To determine protein content, the muscle was frozen at liquid nitrogen temperatures. Preparation of tissue extracts and generation membrane and cytoplasmic fraction were carried out by the method of Vitorino et al. . Denaturing polyacrylamide gel electrophoresis was carried out by the method of Laemmli on Bio-Rad system (USA), as previously mentioned in . Based on the measurements of concentration, each well was applied the same amount of protein. Transfer to nitrocellulose membrane was carried out by the method of Towbin et al. .
In order to determine each protein, the specific primary monoclonal antibodies based on mouse immunoglobulin (Sigma, Germany) were used in the dilutions recommended by the manufacturer: for beta-actin—in a dilution of 1 : 500, for alpha-actinin-4—1 : 400. As secondary antibodies, biotinylated goat antibodies were used against mice IgG (Sigma, Germany) in a dilution of 1 : 6000. Next, the membranes were treated with a solution of streptavidin conjugated with horseradish peroxidase (Sigma, Germany) in a dilution of 1 : 10000. Protein bands were detected using 3,3′-diaminobenzidine (Merck, USA).
2.3. Statistical Analysis
The results obtained in the experiments results were statistically processed using ANOVA, using for the validation of the differences between the groups post hoc t-test with a significance level of . The data were presented as , where M is the mean value of the estimated values, and SE is the standard error of mean value.
3.1. Transversal Stiffness of Various Regions of the Contractile Apparatus and the Sarcolemma of Sol Single Fibers
In the “Control” group, the transversal stiffness of Triton-treated fibers (Figure 1(a)) in semisarcomere area, that is, between the Z-disk and M-line, significantly increases from the relaxed state to the activated and from activated to rigor. After a 14-day gravitational unloading, transversal stiffness of all Triton-treated fibers (Figure 1(b)) is significantly reduced, relative to similar measurement points in the “Control” group, especially in the Z-disk area; however, a significant increase in stiffness, typical of all sections of the fibers at contraction activation and transition to the rigor, is preserved. After a 3-day reloading (Figure 1(c)), values of the transversal stiffness of Triton-treated fibers in semisarcomere area in all the states are still significantly below the level of control, but higher than those in the “14-HS” group. In addition, the transversal stiffness of Z-disk of fibers in the “14-HS + 3-R” group in the relaxed state is also reduced with respect to “Control” group.
Other trends in gravity disuse and subsequent reloading were observed in the study of permeabilized fibers (Table 1). Transversal stiffness of the sarcolemma between the projections of Z-disk and M-line in an activated state in the “Control” group did not increase compared to the relaxed state. At the same time, the stiffness in the projection of Z-disk and M-lines increased with contraction activation and transition to the rigor. After a 14-day of antiorthostatic weighing, transversal stiffness of all sections of permeabilized fibers was reduced, but the increase of this parameter in the membrane projections of Z-disk and M-line in activated and rigor state remained. After a 3-day reloading, the sarcolemma stiffness was not different from the values in similar measurement points and conditions in the “Control” group.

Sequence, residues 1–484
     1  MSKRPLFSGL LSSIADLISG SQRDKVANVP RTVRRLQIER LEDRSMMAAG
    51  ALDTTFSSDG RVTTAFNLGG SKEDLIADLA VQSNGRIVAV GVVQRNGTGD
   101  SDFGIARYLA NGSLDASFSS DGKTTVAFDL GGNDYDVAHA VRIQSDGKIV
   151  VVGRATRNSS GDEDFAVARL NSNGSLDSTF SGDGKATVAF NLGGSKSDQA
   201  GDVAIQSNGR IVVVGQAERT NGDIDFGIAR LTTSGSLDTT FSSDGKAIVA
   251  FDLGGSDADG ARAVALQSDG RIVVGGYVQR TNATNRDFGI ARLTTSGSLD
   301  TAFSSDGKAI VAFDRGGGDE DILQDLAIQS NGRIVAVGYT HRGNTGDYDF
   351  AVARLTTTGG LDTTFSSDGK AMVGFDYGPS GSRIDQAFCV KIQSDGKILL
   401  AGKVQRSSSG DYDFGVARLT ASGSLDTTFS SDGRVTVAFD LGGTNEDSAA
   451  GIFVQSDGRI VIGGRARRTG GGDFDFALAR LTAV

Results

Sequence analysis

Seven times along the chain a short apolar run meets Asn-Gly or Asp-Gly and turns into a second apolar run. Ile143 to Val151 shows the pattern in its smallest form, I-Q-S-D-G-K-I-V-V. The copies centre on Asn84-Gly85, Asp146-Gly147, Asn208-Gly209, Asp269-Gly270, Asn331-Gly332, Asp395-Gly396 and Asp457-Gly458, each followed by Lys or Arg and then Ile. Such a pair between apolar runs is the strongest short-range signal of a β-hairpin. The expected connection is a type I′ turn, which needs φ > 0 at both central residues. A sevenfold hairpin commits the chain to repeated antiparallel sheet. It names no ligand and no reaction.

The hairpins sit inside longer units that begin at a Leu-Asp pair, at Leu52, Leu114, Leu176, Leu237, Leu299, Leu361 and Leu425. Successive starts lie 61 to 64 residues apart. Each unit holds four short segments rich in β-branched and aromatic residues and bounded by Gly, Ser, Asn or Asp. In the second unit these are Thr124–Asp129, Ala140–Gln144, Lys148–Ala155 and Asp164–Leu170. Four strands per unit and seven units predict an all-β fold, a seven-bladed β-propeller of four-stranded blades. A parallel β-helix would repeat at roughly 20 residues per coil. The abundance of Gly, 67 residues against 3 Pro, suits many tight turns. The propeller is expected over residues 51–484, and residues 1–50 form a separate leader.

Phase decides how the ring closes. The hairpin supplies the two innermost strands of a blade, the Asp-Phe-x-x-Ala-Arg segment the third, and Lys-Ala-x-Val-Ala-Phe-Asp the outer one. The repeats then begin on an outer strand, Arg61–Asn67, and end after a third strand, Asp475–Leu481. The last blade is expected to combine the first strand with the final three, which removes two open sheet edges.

as compared to the analogous state of the group “Control,” $ as compared to the analogous state of the group “14-HS,” % as compared to the relaxed state at the same group, # as compared to the activated state at the same group.|
3.2. Protein Content
The content of beta-actin (Figure 2(a)) in cytoplasmic protein fractions did not change after the 14-day gravity disuse and subsequent three-day reloading. In the “14-HS” group, there was a reduction of beta-actin in the membrane fraction by 68% and reloading to the level of control in the “14-HS + 3-R” group.
The content of alpha-actinin-4 (Figure 2(b)), as well as beta-actin, in the cytoplasmic fraction was not changed. In the membrane fraction in the “14-HS” group, there was a decrease of alpha-actinin-4 by 82% compared with the “Control” group, and in the “14-HS + 3-R” group, its content significantly increased compared with the group “14-HS,” but did not reach the level of control and was reduced by 30%.
Previously, it was shown that the transversal stiffness of various sections of muscle fibers during the gravity disuse varies in different ways . Thus, the transversal stiffness of various sections of the sarcolemma has been reducing through the day of gravity disuse, while changes in the contractile apparatus are observed after three days. The results, obtained in this paper, indicate that the reloading of the transversal stiffness also occurs in many ways.
After 14 days of hind-limbs suspension, the transversal stiffness of various sections of the sarcolemma and contractile apparatus is significantly reduced, apparently due to disassembly of the cortical cytoskeleton and calcium-dependent proteolysis of the contractile apparatus proteins, which was discussed earlier [22, 23]. Decrease of stiffness Z-disk is especially pronounced, as shown directly by Akiyama et al. , may be due to the action of calpain. In addition, damages to the sarcomere, typical for type I fibers, as shown for the first time by Riley et al. , may also lead to a decrease in stiffness in semisarcomere area and reduced transversal stiffness. At the same time, in conditions of gravitational unloading, an increase in the proportion of type II fibers is observed . It seems that gravitational unloading caused different changes in transversal stiffness of type I and type II muscle fibers. In the study of m. soleus, which predominantly consists of slow fibers, we observed the decrease of the transversal stiffness of contractile apparatus under conditions of hindlimb suspension, possibly due to sarcomere damage . At the same time, the hindlimb suspension led to increase of the contractile apparatus’s transversal stiffness of tibialis anterior fibers, among which predominate fast fibers . Different responses of the transversal stiffness of the contractile apparatus of type I and type II fibers on gravity disuse could be dependent on the level of EMG activity. However, the performance of single-fiber electrophoresis, which is necessary for determination of fiber phenotype, connects with experimental problems due to insufficient dimension of fiber fragments used for stiffness measurements.